The other problem is the sheer number of different sources cited by the reporters – people in different positions at Amazon and Apple, people in several different government agencies. If the story is even remotely true, then it also potentially could be verified by others who were not sources and could comment on or off the record.
For the government to keep a lid on this story, it would have to execute a flawless cover-up, obtaining (or compelling) the silence of the leaders of the largest companies in the world as well as engineers and security officials throughout the government and multiple private companies. There is no reason to think that any administration (especially this one) could carry that off without a leak, no matter what was at stake.
If the article is true and the government is engaged in a cover-up, there must be something hugely important at stake. What national security secrets are so important that they are worth that kind of effort?
Theory 3: The sources told Bloomberg what was reported, but the sources were making it up
There’s another possibility that’s even deeper down the conspiracy rabbit hole.
Look again at the article. It’s got many specific statements attributed to specific sources: according to the reporters two senior Apple insiders said the company reported an incident to the FBI; a government official and two Amazon Web Services insiders provided extensive information about the Amazon discovery; three Apple insiders and four government officials confirmed that Apple was a target; and so on.
It seems clear that the Bloomberg reporters talked to a lot of people and they were told a lot of specific things. What if the article accurately reflects the story told to the reporters by their sources? That would require an equally flawless effort by the government to create a fabricated story and convince people in many different government agencies and private companies to be anonymous sources as Bloomberg was led along the path.
It’s unlikely. Big conspiracies almost never happen. People aren’t that good at lying and there’s always someone to spill the beans.
But is it impossible? According to a report published two weeks before the Bloomberg article, “The Trump administration is planning to launch a major, administration-wide, broadside against China. . . . The broadside – planned to be both rhetorical and substantive – will be “administration-wide,” including the White House (led by senior officials on the National Security Council), Treasury, Commerce and Defense.” Sources allegedly said that the White House would “unveil new information about China’s hostile actions against America’s public and private sectors”, including China’s activity in cyberattacks and industrial warfare.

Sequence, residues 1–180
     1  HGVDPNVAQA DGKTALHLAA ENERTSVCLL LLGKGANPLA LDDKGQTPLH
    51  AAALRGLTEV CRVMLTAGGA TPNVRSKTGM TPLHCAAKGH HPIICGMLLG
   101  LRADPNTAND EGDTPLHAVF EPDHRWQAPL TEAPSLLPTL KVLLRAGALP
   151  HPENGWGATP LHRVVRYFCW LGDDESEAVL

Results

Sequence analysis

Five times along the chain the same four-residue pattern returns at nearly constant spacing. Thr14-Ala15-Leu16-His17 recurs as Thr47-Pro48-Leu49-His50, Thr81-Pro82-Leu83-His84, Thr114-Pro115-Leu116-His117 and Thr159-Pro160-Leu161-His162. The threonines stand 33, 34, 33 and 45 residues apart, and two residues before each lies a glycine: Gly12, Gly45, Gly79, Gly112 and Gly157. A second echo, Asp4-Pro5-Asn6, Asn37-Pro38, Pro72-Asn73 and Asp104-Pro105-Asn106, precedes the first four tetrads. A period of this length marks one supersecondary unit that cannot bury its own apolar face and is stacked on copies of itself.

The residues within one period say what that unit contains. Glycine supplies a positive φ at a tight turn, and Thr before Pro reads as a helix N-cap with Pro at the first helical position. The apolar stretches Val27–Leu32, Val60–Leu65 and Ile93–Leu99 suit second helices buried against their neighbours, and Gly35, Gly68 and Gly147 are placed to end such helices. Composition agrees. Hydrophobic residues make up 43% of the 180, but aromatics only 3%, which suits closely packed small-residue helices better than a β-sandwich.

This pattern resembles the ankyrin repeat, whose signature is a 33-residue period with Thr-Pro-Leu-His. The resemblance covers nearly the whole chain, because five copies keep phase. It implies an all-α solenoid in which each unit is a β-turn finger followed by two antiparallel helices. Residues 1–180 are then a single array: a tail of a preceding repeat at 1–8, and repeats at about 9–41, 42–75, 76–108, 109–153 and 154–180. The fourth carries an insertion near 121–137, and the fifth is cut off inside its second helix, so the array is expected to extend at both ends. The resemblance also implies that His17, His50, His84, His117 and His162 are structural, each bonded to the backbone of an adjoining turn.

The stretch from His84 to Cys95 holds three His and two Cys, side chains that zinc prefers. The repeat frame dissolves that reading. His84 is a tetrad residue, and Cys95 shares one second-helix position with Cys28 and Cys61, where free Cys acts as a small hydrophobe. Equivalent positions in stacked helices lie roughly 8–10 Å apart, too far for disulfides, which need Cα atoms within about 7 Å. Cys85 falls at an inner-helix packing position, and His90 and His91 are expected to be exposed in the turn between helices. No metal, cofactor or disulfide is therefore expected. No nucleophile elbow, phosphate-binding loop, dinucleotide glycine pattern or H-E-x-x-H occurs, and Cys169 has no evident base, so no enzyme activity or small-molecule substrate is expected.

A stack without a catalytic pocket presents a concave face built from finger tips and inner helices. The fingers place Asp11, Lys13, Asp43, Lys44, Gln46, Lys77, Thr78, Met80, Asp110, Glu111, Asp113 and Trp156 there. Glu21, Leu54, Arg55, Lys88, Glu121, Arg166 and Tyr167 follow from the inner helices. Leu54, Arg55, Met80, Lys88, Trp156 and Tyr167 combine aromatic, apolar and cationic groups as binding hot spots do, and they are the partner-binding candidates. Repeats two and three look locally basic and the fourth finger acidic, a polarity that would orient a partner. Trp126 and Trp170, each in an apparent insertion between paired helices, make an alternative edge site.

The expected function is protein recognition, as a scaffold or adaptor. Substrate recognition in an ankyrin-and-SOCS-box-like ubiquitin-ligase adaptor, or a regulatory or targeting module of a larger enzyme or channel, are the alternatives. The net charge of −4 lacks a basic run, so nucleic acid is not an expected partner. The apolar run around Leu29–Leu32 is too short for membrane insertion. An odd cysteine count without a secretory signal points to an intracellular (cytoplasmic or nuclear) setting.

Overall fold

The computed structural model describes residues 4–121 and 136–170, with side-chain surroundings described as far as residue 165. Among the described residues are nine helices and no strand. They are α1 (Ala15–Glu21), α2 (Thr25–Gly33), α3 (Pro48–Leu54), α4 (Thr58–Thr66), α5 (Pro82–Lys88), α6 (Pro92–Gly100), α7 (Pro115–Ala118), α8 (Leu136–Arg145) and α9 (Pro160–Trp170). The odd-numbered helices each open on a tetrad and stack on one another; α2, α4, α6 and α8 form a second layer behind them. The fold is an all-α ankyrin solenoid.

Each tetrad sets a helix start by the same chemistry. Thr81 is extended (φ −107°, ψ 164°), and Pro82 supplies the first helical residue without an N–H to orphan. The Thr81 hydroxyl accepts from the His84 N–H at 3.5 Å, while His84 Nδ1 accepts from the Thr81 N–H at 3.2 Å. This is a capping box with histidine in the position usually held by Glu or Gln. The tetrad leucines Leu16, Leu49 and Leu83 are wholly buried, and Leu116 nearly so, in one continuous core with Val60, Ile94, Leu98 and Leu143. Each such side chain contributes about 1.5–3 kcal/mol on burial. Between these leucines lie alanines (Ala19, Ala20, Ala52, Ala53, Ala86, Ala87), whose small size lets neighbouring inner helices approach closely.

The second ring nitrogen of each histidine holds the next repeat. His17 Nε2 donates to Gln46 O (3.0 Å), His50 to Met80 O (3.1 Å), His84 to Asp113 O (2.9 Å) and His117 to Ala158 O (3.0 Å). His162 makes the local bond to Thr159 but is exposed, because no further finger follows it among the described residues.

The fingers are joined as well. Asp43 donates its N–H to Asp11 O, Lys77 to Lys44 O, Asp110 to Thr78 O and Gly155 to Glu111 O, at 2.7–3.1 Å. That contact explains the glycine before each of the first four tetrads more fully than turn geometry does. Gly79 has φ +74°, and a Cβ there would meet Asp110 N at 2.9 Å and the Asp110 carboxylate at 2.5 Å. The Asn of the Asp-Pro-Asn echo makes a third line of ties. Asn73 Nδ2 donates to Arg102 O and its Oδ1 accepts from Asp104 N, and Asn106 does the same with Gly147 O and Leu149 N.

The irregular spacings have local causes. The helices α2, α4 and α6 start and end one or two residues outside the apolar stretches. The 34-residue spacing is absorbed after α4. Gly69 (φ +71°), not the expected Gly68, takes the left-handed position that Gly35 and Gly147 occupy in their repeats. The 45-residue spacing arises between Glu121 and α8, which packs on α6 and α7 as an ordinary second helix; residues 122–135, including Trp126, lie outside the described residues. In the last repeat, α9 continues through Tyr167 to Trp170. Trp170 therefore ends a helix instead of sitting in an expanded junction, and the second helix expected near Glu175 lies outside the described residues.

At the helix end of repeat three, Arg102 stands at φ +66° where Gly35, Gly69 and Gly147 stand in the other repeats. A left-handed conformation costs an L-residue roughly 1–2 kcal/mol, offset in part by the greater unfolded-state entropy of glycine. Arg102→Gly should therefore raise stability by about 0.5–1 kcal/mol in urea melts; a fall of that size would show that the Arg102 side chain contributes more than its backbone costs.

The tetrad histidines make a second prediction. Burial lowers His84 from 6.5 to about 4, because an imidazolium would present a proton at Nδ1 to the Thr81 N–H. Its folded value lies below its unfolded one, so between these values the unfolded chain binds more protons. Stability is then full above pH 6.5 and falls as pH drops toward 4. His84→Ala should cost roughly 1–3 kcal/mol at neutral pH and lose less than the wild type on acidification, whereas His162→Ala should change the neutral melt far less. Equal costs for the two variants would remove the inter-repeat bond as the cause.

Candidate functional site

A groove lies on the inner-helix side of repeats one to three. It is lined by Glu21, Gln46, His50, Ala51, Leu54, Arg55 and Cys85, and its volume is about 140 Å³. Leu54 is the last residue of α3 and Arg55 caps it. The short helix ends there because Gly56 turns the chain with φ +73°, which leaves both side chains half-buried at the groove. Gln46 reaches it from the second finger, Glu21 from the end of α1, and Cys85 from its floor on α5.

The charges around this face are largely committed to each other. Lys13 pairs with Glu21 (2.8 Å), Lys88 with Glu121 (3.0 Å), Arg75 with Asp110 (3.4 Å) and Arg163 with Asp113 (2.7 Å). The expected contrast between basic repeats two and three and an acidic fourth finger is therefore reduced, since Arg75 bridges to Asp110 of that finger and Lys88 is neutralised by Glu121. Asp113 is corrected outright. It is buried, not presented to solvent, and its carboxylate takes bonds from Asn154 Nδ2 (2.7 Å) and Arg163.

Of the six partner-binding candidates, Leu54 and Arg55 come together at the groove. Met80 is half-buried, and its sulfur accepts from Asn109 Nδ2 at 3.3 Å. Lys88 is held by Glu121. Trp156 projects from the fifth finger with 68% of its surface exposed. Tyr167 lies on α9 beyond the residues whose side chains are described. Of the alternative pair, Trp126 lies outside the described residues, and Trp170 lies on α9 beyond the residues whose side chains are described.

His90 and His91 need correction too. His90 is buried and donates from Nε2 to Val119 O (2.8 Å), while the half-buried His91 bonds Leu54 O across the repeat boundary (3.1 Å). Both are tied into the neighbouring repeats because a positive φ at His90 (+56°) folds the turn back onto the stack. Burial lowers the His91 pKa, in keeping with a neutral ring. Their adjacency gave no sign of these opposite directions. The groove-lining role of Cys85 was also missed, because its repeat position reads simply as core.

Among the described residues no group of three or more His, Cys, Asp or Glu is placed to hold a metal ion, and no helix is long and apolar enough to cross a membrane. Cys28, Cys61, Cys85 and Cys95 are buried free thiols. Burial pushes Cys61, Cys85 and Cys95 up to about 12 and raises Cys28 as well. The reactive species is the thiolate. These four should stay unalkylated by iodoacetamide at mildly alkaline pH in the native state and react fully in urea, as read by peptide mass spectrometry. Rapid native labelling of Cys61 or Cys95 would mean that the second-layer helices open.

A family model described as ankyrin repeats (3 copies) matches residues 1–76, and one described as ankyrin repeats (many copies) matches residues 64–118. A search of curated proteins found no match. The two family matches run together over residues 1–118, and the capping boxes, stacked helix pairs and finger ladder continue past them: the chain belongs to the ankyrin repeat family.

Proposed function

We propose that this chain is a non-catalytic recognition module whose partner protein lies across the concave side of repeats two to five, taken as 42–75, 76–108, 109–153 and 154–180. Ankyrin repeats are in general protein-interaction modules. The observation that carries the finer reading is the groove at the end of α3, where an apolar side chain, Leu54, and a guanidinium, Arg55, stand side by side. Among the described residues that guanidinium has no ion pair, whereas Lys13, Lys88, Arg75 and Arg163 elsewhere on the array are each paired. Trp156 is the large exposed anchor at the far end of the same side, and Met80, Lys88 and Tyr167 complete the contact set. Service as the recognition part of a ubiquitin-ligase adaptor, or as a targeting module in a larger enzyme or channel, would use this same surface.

The Trump administration has several reasons to attack China: it diverts attention from Russia; inflaming anti-China public opinion helps garner support for Trump’s trade war; and perhaps China deserves it.
In the last few months, federal officials have been arguing aggressively that China has stolen American technology through hacking and industrial espionage. We are told that China was behind the Marriott hack that was in the news last month, as well as the hack of the US Office of Personnel Management database and of Anthem Insurance in 2014. US officials have described a massive Chinese government effort to build dossiers on US citizens. You can’t buy a phone in the US made by Huawei – the second largest phone manufacturer in the world, ahead of Apple – because of intense government pressure to be afraid of devices made in China, although no specifics have ever been provided. We caused Huawei’s CFO to be arrested in Canada for no particular reason other than to escalate tension with China.
I can’t quite shake the possibility that Bloomberg was a pawn in a disinformation campaign by the US government to whip up anti-China sentiment.
Probably not! If Bloomberg had only spoken to NSA officials, say, we might be more suspicious, but the reporters talked to too many people in too many places for the government to control the whole thing without anyone coming forward now to expose the operation.
And yet, and yet . . . . I wish I felt completely confident about that.
At some point there will be some follow-up to this story. Perhaps Bloomberg will retract the story with a convincing explanation of how it made such a terrible mistake, taking a hit to its credibility and probably destroying the careers of the reporters.
Who did those reporters talk to? What did the sources say and why did they say it? If Bloomberg retracts the story, should we believe the retraction, or is it just one more step in the cover-up? Where is the truth in a world where truth is fluid?